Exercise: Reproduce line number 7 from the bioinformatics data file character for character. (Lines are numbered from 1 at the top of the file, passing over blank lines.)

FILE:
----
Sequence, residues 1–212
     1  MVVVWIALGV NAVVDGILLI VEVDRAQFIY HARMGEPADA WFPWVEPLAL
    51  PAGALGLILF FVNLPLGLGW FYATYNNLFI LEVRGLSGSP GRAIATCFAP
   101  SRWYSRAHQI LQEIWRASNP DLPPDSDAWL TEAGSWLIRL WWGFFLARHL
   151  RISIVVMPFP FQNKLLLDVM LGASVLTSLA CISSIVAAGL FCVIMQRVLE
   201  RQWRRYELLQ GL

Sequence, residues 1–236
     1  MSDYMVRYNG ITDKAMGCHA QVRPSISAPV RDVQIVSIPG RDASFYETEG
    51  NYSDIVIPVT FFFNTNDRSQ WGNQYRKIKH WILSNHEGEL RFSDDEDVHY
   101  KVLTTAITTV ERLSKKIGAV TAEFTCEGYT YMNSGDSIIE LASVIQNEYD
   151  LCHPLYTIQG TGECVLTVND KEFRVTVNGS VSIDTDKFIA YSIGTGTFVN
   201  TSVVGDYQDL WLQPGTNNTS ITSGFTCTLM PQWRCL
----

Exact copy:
Sequence, residues 1–236